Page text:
Are We Overdiagnosing Psychological Disorders?

In recent decades, psychologists and psychiatrists have expanded the list of psychological disorders and slackened the criteria for diagnosing them. In Shyness: How Normal Behavior Became a Sickness (Yale University Press, 2007), Christopher Lane questions this decision. He suggests the expansion of the application of psychiatric labels is driven primarily by drug companies, but also by an intolerance for personality differences. Even while American society preaches cultural diversity, it insists on a large degree of conformity when it comes to personality. According to Lane, nonconforming personality traits that might once have been viewed merely as eccentric and treated as something to be tolerated are now viewed as symptoms of personality disorders that must be controlled with pharmaceuticals . Are we helping people to become more normal and functional, or are we forcing them to fit a too-narrow mold?

These are fascinating questions, but unfortunately Shyness is dryly written and lacks clear focus. Too much time is spent in some areas: the book contains a lengthy section discussing literature and movies that raise questions about our current culture of psychology, which is included because the author is, in fact, a literary critic and not a psychiatrist or psychologist. Not enough time is spent in other areas: the reader learns very little about the side effects of drugs other than Paxil. Although it is important to the story of how “shyness became a sickness,” too much detail is expended on the rivalry between the different schools of psychology. This is an important book, but Lane may not be the right person to write it. It would have been preferable if a book such as this had been written not by a literary critic, but by one of the psychiatrists or psychologists who seemed to have concerns about the way the DSM-III was produced.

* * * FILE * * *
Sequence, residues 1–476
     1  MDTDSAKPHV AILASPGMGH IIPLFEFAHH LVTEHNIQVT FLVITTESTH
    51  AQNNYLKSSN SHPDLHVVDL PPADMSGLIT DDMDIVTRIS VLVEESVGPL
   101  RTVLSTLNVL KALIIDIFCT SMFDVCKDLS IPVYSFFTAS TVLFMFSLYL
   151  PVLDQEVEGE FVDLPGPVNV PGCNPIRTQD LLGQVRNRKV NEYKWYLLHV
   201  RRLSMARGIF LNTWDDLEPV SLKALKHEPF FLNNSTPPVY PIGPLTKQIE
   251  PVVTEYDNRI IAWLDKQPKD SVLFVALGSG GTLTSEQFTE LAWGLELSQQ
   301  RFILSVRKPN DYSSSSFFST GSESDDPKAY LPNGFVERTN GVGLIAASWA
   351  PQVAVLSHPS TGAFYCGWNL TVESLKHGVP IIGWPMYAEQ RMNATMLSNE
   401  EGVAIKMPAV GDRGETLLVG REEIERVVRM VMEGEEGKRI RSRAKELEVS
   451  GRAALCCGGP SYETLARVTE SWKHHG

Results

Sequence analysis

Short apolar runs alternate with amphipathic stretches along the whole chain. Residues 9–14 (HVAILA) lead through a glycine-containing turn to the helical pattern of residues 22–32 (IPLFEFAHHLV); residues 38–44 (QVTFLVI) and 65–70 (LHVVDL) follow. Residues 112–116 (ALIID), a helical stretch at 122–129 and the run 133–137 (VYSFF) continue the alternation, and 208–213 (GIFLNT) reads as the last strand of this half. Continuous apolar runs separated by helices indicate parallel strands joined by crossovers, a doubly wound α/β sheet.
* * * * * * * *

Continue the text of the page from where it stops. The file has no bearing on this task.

When the DSM-III was published in 1980, it included 122 (yes, 122) new psychiatric disorders; some of the criteria for diagnosing these disorders included descriptions of behavior previously considered normal. What happened? Christopher Lane uses shyness as his primary example and describes how it was transformed into a psychological disorder against opposition and with support from drug companies that stood to profit. Although he speaks specifically of what became social anxiety disorder or social phobia (the term originally considered was “introverted disorder”), the book raises serious concerns about the entire process of forming the DSM and the many new disorders included. As one psychiatrist is quoted as saying, “I think the majority of us recognized that the amount of good, solid evidence upon which we were making our decisions was pretty modest.” Another said, “I couldn’t believe my eyes — in some cases, the people revising the DSM-III were making a mental illness out of adaptive behaviors.” One quipped that the manual might have been better titled “The Emperors’ New Jockstrap.”

Approval for inclusion of many disorders in DSM-III, says the author (as well as some psychiatrists he quotes), depended in part on whether or not a drug existed to treat them. In other words, ADHD didn’t exist (at least in name) until Ritalin did; and social anxiety disorder didn’t exist (at least in name) until the drugs to treat it did. Even after publication of the DSM-III, many of these disorders did not become well known or frequently diagnosed until drug companies conducted extensive “awareness campaigns,” often under cover of a different organization’s name. When in 1997, the FDA relaxed the rules to allow direct marketing of pharmaceuticals to consumers, spending on such advertisements rose from $595 million to $2.5 billion in just three years as companies worked to “expand the market” for their drugs.